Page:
I went to a lecture today about the “decline and fall” of Rome as a historical example, as a trope, as a convenience. It was interesting, and very useful.
Historiography isn’t really dealt with in the department. In our case it’s mostly a funding issue, but only because we have lots of relatively young lecturers in professor and associate-professor positions. Its absence is conspicuous.
Ancient History and Classics are affected as much by class-ism, by feminism and sexism, by Marxism and neo-conservatism as History – or any other Arts discipline. The history department has courses about it. About the use of history, about history as a product, about history as a lens for the time in which it was written, about the point of history at all.
I’m studying History too – just Ancient History. But that means I can’t take those courses. In our department, we get off-handed warnings to avoid some authors, and that’s pretty much it.
Why? This is one of many problems with my discipline, but it’s one of the most frustrating. I’m ill-equipped to deal with historiographical issues when they arise in my research, as they invariably do. I can tell something’s going on, but I can’t tell why – which schools are being ascribed to, which specific author or trend its reacting against, what the buzz-word is that should have clued me in. I know that the author’s university, the journal and the date can give me clues, but I don’t know what to look for.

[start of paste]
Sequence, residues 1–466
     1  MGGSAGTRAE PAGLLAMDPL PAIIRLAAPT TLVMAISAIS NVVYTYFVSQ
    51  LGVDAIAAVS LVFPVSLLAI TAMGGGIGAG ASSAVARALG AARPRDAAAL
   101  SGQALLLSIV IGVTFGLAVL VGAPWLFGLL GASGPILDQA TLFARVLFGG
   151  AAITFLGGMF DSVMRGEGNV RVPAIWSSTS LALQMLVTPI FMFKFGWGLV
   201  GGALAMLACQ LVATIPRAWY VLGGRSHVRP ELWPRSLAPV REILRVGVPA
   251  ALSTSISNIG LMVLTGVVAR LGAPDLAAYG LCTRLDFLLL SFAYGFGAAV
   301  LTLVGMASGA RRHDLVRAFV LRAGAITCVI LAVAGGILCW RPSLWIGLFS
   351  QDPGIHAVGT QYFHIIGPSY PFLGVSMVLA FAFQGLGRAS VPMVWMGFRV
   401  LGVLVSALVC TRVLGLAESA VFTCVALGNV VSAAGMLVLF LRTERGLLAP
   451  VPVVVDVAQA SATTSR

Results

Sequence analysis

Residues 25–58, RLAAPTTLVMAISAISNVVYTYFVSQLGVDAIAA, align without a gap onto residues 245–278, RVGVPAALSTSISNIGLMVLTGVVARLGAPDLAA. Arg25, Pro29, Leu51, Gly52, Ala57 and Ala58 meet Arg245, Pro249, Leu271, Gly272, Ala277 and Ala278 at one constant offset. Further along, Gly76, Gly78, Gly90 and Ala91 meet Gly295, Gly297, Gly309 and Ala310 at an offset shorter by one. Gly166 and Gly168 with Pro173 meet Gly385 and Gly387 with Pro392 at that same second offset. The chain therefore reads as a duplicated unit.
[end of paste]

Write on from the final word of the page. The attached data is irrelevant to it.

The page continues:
I’ve never been told. I could just learn, yes, and I have been. But I shouldn’t have to; I’m finishing my undergraduate degree this year, I shouldn’t still be groping around in the dark. A large part of what I know, I know from conversing with history or philosophy students. The rest I know from going to paper presentations, like the one I attended today.
Prior, coincidental experience should not dictate how well-equipped a student is in their studies. Historiography affects absolutely everything. I’m interested, actively involved, and aware of what I don’t know. But I shouldn’t need to be all those things in order to know even a little about historiography. These shouldn’t be factors which put me at such a marked advantage every time I start to research something.
A grounding should be foundational. Yes, there’s not the funding for a course, but it’s also just not addressed as an issue. I’m seeing one facet of a problem I know is embedded deep in university education, but I hate the fact that I – and not my equally intelligent peer who doesn’t have the time to go to conferences and isn’t dating a history major – am set up from the beginning to succeed.
The featured image is the esteemed Edward Gibbon, painted by Henry Walton, 1773.